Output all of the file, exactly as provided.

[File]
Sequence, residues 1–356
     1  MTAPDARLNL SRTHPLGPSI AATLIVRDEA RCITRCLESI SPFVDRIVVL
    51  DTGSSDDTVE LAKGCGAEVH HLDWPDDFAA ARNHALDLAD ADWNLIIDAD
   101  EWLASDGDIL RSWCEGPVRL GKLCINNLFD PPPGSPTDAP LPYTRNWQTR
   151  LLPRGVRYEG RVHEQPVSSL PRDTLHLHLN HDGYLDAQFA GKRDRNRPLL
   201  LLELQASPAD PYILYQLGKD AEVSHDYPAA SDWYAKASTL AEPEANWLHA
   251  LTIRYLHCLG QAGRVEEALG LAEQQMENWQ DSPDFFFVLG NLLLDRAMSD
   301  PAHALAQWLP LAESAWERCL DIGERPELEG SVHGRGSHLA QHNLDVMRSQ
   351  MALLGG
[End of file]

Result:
Sequence, residues 1–356
     1  MTAPDARLNL SRTHPLGPSI AATLIVRDEA RCITRCLESI SPFVDRIVVL
    51  DTGSSDDTVE LAKGCGAEVH HLDWPDDFAA ARNHALDLAD ADWNLIIDAD
   101  EWLASDGDIL RSWCEGPVRL GKLCINNLFD PPPGSPTDAP LPYTRNWQTR
   151  LLPRGVRYEG RVHEQPVSSL PRDTLHLHLN HDGYLDAQFA GKRDRNRPLL
   201  LLELQASPAD PYILYQLGKD AEVSHDYPAA SDWYAKASTL AEPEANWLHA
   251  LTIRYLHCLG QAGRVEEALG LAEQQMENWQ DSPDFFFVLG NLLLDRAMSD
   301  PAHALAQWLP LAESAWERCL DIGERPELEG SVHGRGSHLA QHNLDVMRSQ
   351  MALLGG